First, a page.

Michael G. DolenceMichael Dolence is President of Michael G. Dolence and Associates, a global research consulting firm specializing in innovation in education,  academic planning, curriculum development and enrollment management. He authored the first Primer on Strategic Enrollment Management and is the originator of the concept of Academic Strategic Enrollment Management. His career includes extensive research and analysis of financial aid efficacy, utilization, and policy impacts for both federal and state aid. He has conducted more than 140 post mortem analysis of colleges and universities that have failed and either closed or were merged with another institution. MGDA has developed a comprehensive curriculum planning and prototyping software system used to design academic prototypes for new universities worldwide. The system also supports program of study design and development as well as academic optimization scenario analysis.

Logistics

  • Institute Terms of Payment and Refund Policy
  • Enrollment is limited to 40 participants.
  • Accommodations are NOT included in Institute Registration and are the responsibility of the attendee. A separate link directly to the hotel is provided for convenience.
  • Institute seating is rounds of 6 providing ample space for each participant.
  • Wi-Fi will support access to online resources.
  • We recommend at least two individuals from an institution attend, one from enrollment management and one from academic leadership.
  • Monday afternoon start time permits Saturday air travel and Wednesday departure and is served by five airports (LAX, SNA, BUR, ONT, LGB ).
  • Claremont location is central to Los Angeles area sites and attractions.
  • Participants are on their own for dinner Monday and Tuesday. Options include hotel dining or the numerous restaurants in the village of Claremont.
  • Hotel Shuttle is available for the short ride to the village or take your time and enjoy the walk through the streets of the city of trees.

Certificate of Advanced Study

COAS MGDA Cert0001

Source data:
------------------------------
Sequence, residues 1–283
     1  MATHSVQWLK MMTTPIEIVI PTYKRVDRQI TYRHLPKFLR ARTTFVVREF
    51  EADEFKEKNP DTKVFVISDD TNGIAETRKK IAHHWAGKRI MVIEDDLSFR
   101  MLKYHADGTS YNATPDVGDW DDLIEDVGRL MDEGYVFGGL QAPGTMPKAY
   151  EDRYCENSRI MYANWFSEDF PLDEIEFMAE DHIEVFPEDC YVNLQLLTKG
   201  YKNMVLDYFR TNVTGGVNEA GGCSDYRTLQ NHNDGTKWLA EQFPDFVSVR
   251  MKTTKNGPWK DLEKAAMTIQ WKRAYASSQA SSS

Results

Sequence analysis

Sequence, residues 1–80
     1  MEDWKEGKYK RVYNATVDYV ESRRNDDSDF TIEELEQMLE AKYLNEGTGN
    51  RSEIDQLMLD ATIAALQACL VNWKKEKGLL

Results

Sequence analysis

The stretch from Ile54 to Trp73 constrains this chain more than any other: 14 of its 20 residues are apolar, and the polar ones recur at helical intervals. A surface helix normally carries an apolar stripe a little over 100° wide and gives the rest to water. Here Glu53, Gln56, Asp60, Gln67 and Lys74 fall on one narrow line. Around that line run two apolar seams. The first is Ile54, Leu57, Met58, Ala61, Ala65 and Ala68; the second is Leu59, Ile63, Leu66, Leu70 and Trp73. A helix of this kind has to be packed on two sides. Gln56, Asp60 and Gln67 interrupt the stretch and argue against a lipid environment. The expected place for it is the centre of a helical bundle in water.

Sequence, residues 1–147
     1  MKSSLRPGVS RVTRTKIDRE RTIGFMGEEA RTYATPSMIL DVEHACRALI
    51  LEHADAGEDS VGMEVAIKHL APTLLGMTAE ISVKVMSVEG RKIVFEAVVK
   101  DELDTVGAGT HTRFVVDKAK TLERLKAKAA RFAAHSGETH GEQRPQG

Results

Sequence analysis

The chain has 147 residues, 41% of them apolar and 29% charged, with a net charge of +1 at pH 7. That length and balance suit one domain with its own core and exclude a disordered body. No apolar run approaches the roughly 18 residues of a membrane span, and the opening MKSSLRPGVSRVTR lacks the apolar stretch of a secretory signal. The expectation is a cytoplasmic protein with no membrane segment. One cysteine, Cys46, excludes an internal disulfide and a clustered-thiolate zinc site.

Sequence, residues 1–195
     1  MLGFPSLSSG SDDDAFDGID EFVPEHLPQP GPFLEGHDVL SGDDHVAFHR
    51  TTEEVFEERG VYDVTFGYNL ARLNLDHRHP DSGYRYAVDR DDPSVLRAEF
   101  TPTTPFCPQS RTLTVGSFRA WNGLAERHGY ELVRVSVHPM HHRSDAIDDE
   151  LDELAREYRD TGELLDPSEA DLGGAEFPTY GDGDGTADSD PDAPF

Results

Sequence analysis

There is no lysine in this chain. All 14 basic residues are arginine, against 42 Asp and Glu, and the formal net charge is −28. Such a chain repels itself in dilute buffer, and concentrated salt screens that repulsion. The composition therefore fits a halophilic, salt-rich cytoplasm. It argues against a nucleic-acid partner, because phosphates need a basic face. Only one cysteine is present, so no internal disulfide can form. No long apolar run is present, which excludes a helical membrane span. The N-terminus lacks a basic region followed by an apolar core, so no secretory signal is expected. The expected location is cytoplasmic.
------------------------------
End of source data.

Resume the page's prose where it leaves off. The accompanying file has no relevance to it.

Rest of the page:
Selected Topics to be Covered

As we work through the concepts and construct individual pathways to addressing enrollment shortfalls, recruitment yield, and developing strategic position in the enrollment marketplace there are a hosts of tools, methods, concepts and approaches we will introduce and use. Here are a few examples:

Curriculum Architecture

What is curriculum architecture and why is it important? How is it incorporated into SEM Strategy? How does academic strategy inform SEM strategy via curriculum architecture? How does SEM strategy inform curriculum and how are the insights rendered into implementable initiatives?

Strategic Enrollment Management Matrix

What is the SEM Matrix and how is it used in planning, decision making and campaign development? What are the seven learner-centered questions that help focus development of sustainable solutions?

SRS Method of Strategy Development & Mission Review

The SRS Method provides a framework for structured dialog that integrates institutional mission and vision with curriculum and enrollment management. How does mission and vision translate to strategy and sustainability?

Academic Strategies and Master Academic Planning 2015

Eventbrite - Institute for Academic Strategic Enrollment Management and Sustainability

When: February 16 – 18, 2015

Where: DoubleTree by Hilton Hotel in Claremont, California

The design of the Institute for Academic Strategies and Master Academic Planning recognizes that academic leaders must plan to meet the challenges and opportunities of higher education as it is carried into the future by the paradigm shift to a global digital learning ecosystem. Without a Master Academic Plan, an Institutional Strategic Plan is powerless at forging near, mid, and long term strategies for enrollment and fiscal health.

Master Academic Plan (Graphic)

Who Should Attend

The institute is designed for academic leaders, including provosts, vice presidents, deans, department chairs, academic governance officers, interested faculty, accreditation team members, institutional planners, and institutional effectiveness professionals.

Session Summaries

  • Session I: Academic Structures, Cycles and Workflows 
    Reviews the various structures involved in managing the Academic Enterprise. Participants will assess their institutional structures against the characteristics of the emerging global digital learning ecosystem and the transformations a number of institutions are already doing to serve contemporary learners.
  • Session II: Academic Strategies, Tactics and Capacities 
    Introduces a structured approach to designing, developing and implementing academic strategies and developing new capacities required to meet the challenges of the learning age powered by a global digital learning ecosystem.
  • Session III: Curriculum Architecture and Specifications